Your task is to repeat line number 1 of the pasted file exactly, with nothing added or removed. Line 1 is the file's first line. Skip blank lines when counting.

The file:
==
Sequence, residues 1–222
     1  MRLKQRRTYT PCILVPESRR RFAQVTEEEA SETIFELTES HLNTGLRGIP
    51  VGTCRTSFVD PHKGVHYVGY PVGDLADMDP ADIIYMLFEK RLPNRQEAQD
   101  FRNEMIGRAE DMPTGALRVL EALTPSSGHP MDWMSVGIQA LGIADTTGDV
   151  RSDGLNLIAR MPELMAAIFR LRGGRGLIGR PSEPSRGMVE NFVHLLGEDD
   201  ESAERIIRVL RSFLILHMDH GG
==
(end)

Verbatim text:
Sequence, residues 1–222